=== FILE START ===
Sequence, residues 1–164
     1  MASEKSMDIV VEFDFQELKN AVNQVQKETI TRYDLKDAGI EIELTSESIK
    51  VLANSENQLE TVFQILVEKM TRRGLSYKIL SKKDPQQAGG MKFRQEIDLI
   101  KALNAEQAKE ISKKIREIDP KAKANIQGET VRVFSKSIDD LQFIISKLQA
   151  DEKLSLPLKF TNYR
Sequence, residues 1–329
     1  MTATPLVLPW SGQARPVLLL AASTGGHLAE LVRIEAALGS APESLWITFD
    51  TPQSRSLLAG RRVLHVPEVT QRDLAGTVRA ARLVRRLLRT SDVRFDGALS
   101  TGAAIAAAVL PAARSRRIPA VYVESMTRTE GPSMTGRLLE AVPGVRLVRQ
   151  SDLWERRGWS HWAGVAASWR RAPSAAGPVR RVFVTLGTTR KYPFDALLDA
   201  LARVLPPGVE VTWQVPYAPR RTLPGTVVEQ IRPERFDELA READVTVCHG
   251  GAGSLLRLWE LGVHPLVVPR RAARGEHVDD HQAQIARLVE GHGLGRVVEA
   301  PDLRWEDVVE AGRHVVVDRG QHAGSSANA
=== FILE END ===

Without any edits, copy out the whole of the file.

Sequence, residues 1–164
     1  MASEKSMDIV VEFDFQELKN AVNQVQKETI TRYDLKDAGI EIELTSESIK
    51  VLANSENQLE TVFQILVEKM TRRGLSYKIL SKKDPQQAGG MKFRQEIDLI
   101  KALNAEQAKE ISKKIREIDP KAKANIQGET VRVFSKSIDD LQFIISKLQA
   151  DEKLSLPLKF TNYR
Sequence, residues 1–329
     1  MTATPLVLPW SGQARPVLLL AASTGGHLAE LVRIEAALGS APESLWITFD
    51  TPQSRSLLAG RRVLHVPEVT QRDLAGTVRA ARLVRRLLRT SDVRFDGALS
   101  TGAAIAAAVL PAARSRRIPA VYVESMTRTE GPSMTGRLLE AVPGVRLVRQ
   151  SDLWERRGWS HWAGVAASWR RAPSAAGPVR RVFVTLGTTR KYPFDALLDA
   201  LARVLPPGVE VTWQVPYAPR RTLPGTVVEQ IRPERFDELA READVTVCHG
   251  GAGSLLRLWE LGVHPLVVPR RAARGEHVDD HQAQIARLVE GHGLGRVVEA
   301  PDLRWEDVVE AGRHVVVDRG QHAGSSANA